HARPSWELL — When the town begins to demolish the Mitchell Field pier this fall, things like traffic, noise and dust will increase.
The town recently received permission from state and federal agencies for removal of the collapsing pier over a two-year period, and engineer Barney Baker’s recommended use of a 3-acre upland portion of the field to stage, stockpile, and process approximately 23,000 cubic yards of materials pulled from the seabed.
As he finalizes plans before the project goes to bid in August, Baker and town officials met with abutters and residents Monday to discuss how to mitigate impacts of the long construction period.
The nearly 25 residents in attendance Tuesday were mostly concerned about truck traffic hauling loads of steel, concrete, and debris. The contractor hired will be obligated to comply with a local noise ordinance and control the dust generated by construction, Baker said, and those concerns drew few questions from the group.
However, abutter Karen Blake said she’s worried about competition between construction vehicles and visitors’ cars.
She echoed several others in describing the constant use of the field during the winter and summer months, especially for walking. The 119-acre property contains a paved road that runs from the entrance gate to the shoreline and loops around the proposed construction lay-down area.
Also, the Mitchell Field bandstand is on the south side of the pier causeway. Concerts are held every Thursday evening that can draw as many as 200 people, according to bandstand committee member Richard Meisenbach.
Addressing these concerns, Baker acknowledged the inevitability of increased traffic on the site, but sought to reassure the group the trucks would, for the most part, be contained to the fenced staging area.
At Meisenbach’s request, Baker said it wouldn’t be unreasonable to add to the project contract a restriction on Thursday-night activity.
The trucks hauling pier materials will travel, according to the plan, along a new dirt road that will be sectioned off from the recreational area that’s open to visitors.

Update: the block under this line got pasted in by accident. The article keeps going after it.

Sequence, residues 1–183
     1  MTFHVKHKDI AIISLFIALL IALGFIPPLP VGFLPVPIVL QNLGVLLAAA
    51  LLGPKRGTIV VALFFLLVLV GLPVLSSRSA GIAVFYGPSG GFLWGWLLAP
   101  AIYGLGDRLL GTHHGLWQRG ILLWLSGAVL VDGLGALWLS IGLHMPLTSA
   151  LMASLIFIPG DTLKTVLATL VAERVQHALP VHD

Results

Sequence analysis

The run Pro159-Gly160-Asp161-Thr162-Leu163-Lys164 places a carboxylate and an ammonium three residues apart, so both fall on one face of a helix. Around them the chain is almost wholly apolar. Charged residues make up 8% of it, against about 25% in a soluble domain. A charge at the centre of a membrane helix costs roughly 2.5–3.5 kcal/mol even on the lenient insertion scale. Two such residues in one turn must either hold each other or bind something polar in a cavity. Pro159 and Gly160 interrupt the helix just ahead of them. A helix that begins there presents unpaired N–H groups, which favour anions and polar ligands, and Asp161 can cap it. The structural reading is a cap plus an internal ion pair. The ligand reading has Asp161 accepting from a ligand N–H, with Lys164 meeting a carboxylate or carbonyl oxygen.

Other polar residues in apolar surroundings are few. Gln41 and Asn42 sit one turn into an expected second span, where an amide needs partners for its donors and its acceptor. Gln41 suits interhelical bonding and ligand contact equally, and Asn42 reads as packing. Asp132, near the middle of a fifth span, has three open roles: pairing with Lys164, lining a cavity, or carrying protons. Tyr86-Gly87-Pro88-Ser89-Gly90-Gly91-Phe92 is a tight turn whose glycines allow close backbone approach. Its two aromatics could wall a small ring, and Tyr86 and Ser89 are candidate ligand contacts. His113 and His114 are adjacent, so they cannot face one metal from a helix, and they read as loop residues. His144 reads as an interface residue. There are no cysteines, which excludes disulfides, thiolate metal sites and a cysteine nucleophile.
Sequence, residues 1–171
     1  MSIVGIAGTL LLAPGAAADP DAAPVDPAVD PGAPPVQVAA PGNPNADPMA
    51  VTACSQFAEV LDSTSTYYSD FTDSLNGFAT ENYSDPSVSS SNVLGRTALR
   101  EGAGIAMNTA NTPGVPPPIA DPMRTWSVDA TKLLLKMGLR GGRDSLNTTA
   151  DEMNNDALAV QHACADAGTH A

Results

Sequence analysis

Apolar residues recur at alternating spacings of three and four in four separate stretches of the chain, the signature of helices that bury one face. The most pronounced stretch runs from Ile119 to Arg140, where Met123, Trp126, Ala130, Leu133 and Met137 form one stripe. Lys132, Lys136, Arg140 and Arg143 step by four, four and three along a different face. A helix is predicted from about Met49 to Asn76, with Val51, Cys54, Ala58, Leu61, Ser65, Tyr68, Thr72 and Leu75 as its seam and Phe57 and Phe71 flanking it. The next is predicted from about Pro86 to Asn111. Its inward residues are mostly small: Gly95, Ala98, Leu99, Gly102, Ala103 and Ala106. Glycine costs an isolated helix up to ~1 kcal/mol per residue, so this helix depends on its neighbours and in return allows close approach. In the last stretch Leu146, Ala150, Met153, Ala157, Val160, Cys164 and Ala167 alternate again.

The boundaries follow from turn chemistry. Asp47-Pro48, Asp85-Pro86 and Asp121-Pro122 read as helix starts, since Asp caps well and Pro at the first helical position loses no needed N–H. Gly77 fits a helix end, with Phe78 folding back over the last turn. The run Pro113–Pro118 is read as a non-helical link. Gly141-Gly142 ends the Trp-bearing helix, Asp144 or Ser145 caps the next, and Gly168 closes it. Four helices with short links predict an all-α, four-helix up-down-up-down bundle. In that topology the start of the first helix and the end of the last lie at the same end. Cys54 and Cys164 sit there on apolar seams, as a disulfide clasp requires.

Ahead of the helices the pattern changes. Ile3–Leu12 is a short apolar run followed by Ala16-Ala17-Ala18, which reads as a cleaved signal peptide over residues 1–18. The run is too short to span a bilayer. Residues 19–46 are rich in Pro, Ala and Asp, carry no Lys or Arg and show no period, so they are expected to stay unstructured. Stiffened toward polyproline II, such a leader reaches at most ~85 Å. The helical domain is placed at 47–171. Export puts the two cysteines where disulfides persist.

Baker drew the road as a crescent shape that would intersect with the field’s main road at a far inland juncture, thus allowing trucks to exit the construction zone at a point that avoids the popular beach area and bandstand.
Neighbors also have concerns about construction vehicles adding to the traffic along Route 123, or Harpswell Neck Road.
John Ott, who lives on Route 123 at the entrance to Mitchell Field, described it as a sometimes-treacherous intersection where drivers often speed along the narrow curves.
In January, a car took the turn too quickly and slammed into the bushes in front of his house, he said Monday.
Baker acknowledged the danger, but said 38 trucking days wouldn’t likely affect the overall traffic on the road.
He said the lagging pace of taking apart the pier itself deconstruction – where divers will cut steel from concrete pilings at a carefully slow rate – will give the contractor ample time to schedule activity that takes place on the upland staging area, which goes at a faster rate.
The contractor will have more control, in other words, in deciding the optimal days to schedule the truck trips needed to haul material along Route 123.
Those days will likely be scheduled to avoid certain times of the year, such as the early spring thaw, when roads are posted at a reduced weight limit.
Few residents took issue with the necessity of the project itself, mirroring the near lack of dissent at Town Meeting in March, when voters approved a $5 million bond to finance the demolition.
Based on Monday night’s input, the Mitchell Field Committee will work with Baker to address concerns and develop responses and a project contract.
Engineer Barney Baker, with town officials during a recent site walk at Mitchell Field in Harpswell, points to the vegetated area where a contractor will likely stockpile construction materials when a former U.S. Navy pier is demolished starting this fall.